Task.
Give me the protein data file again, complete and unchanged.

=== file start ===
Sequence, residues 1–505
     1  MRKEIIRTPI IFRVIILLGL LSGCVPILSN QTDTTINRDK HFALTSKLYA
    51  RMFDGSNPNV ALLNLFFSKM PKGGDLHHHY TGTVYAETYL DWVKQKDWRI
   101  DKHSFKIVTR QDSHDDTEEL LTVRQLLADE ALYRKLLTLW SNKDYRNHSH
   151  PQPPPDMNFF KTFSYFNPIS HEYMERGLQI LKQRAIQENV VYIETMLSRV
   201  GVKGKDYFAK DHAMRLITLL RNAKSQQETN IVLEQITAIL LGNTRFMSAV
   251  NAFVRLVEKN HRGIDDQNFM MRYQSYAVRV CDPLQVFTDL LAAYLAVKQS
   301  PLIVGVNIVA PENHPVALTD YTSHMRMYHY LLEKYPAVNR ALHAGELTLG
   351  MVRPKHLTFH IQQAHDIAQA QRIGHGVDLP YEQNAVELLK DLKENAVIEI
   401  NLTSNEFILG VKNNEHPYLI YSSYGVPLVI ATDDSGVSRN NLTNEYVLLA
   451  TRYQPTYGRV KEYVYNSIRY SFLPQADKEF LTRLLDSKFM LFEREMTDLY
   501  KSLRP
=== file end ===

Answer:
Sequence, residues 1–505
     1  MRKEIIRTPI IFRVIILLGL LSGCVPILSN QTDTTINRDK HFALTSKLYA
    51  RMFDGSNPNV ALLNLFFSKM PKGGDLHHHY TGTVYAETYL DWVKQKDWRI
   101  DKHSFKIVTR QDSHDDTEEL LTVRQLLADE ALYRKLLTLW SNKDYRNHSH
   151  PQPPPDMNFF KTFSYFNPIS HEYMERGLQI LKQRAIQENV VYIETMLSRV
   201  GVKGKDYFAK DHAMRLITLL RNAKSQQETN IVLEQITAIL LGNTRFMSAV
   251  NAFVRLVEKN HRGIDDQNFM MRYQSYAVRV CDPLQVFTDL LAAYLAVKQS
   301  PLIVGVNIVA PENHPVALTD YTSHMRMYHY LLEKYPAVNR ALHAGELTLG
   351  MVRPKHLTFH IQQAHDIAQA QRIGHGVDLP YEQNAVELLK DLKENAVIEI
   401  NLTSNEFILG VKNNEHPYLI YSSYGVPLVI ATDDSGVSRN NLTNEYVLLA
   451  TRYQPTYGRV KEYVYNSIRY SFLPQADKEF LTRLLDSKFM LFEREMTDLY
   501  KSLRP